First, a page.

But last night I was hitting myself on the forehead and whining, "Why did I schedule my son's orthodontic consultation at 7 am?"
I'm barely awake by eight. And it's on the other side of town, so we'd have to leave at six-thirty o'dark.
I was concerned that in my bathrobe and yesterday's make up, they wouldn't even let us in the door. And the doctor would surely frown on my curling up with a blanket in a spare exam chair and finishing my sleep.
We arrived (in the dark) at a lovely new office building with office people bustling around inside. I shuffled to the front door, with my eager and chattering son right beside me—starting the day in the dark apparently not a hindrance for him—and attempted to enter.
The doors were locked. Baffled faces peered out at us. I prayed we were at the wrong building, but the doctor's name was plastered across the door. No luck.
They let us in and then politely explained that our appointment was scheduled for the next day. I nearly started pulling hair (my own). But I didn't. I breathed deeply and as the receptionist left to see what she could do, I whipped out my cell phone and texted my woes to a friend.
Blame started to flow from my fingers—their fault. I knew I'd written the appointment down correctly.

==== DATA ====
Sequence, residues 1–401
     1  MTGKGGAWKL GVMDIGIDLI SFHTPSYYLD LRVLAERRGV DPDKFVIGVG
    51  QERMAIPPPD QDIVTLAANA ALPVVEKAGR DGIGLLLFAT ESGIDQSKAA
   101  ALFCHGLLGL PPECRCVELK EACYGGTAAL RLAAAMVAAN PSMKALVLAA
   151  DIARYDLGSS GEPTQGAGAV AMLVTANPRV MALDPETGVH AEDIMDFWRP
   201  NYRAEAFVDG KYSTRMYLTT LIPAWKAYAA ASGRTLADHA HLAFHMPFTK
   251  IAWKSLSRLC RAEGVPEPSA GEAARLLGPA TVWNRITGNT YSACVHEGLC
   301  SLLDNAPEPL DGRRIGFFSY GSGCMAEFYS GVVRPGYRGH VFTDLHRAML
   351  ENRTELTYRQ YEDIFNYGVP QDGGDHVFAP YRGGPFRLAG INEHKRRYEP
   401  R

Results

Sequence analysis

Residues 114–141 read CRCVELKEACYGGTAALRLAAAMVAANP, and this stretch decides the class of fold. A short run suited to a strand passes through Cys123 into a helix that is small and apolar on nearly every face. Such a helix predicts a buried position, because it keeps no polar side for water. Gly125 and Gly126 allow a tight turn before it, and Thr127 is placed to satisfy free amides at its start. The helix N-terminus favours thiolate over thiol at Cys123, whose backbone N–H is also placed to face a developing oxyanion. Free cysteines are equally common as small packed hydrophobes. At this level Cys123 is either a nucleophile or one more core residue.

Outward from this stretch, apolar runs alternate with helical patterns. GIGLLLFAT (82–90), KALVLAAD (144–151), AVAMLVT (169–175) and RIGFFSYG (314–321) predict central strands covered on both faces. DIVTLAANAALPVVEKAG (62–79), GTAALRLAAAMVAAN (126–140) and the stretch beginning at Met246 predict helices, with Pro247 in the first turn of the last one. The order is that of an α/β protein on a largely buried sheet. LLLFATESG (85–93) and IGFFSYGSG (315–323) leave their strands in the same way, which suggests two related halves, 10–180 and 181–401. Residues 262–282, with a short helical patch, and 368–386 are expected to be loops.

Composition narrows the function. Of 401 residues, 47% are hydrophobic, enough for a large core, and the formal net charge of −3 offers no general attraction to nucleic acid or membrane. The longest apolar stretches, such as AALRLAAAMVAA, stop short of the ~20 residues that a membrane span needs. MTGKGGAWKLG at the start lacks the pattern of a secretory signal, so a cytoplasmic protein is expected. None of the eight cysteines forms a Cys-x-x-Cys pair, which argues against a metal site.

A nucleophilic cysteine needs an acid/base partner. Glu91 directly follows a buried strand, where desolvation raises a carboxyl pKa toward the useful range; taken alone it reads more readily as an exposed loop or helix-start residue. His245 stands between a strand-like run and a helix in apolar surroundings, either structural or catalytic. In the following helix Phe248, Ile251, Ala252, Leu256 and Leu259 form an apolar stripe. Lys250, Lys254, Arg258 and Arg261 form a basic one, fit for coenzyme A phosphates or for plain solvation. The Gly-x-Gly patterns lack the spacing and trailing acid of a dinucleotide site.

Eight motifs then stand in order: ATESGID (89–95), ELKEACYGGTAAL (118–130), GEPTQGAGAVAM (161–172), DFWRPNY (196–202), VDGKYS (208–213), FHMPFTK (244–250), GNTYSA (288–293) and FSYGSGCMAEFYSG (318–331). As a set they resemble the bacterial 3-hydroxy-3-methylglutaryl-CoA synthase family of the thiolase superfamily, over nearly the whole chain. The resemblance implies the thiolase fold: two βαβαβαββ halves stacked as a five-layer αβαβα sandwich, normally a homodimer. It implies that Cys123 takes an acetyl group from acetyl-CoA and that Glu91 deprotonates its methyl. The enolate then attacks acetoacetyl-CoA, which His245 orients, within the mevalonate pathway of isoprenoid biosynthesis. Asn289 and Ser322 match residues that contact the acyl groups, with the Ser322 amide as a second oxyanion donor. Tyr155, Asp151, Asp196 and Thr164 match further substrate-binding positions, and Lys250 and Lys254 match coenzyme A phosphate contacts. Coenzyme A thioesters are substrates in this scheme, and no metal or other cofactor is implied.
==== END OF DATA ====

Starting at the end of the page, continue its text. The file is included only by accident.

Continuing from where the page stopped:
But as my thumb hovered over the send button, I paused. Grumbling is what led the Israelites to go around and around that mountain in the desert for forty years.
So I erased the blame and just stuck to the woe part.
Moments later she was back. Miracle upon miracle, a technician had arrived early. And then the orthodontist showed up ahead of schedule. They plopped my son in a chair and went to work. (They were wonderfully kind.)
I wrapped my bathrobe tighter (actually wore my running gear so I'd look like I was used to getting out of bed with a bang) and sat there in awe. They probably would have showed up early even if I hadn't grumbled, maybe even worked us in.
But then again. . . maybe not. Maybe they would have stopped at Starbucks as I grumbled my way home.